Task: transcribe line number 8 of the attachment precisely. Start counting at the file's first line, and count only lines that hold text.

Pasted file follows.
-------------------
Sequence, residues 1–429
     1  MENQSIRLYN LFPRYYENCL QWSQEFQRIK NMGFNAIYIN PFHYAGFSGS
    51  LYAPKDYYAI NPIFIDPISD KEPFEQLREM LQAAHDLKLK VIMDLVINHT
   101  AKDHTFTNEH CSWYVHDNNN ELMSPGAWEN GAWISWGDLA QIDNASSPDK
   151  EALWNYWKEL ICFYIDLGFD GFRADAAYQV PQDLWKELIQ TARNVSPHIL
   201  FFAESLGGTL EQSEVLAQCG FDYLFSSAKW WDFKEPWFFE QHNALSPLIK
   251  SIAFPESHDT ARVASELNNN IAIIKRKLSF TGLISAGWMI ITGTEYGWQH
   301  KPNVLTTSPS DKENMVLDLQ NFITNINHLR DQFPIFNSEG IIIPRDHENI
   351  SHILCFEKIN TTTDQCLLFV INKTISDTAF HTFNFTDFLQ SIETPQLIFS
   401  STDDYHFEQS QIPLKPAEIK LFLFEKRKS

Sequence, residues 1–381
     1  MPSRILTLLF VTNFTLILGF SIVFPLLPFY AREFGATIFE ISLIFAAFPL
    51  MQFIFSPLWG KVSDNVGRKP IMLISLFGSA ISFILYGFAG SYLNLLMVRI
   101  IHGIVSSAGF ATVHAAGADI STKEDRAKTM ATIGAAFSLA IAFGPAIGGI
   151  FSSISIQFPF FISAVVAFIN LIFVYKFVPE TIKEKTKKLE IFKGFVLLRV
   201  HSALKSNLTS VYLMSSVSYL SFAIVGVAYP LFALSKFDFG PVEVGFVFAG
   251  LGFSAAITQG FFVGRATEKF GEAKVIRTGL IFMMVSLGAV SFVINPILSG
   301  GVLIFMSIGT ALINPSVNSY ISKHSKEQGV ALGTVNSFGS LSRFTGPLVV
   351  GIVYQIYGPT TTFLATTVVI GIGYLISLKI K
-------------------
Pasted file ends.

   301  KPNVLTTSPS DKENMVLDLQ NFITNINHLR DQFPIFNSEG IIIPRDHENI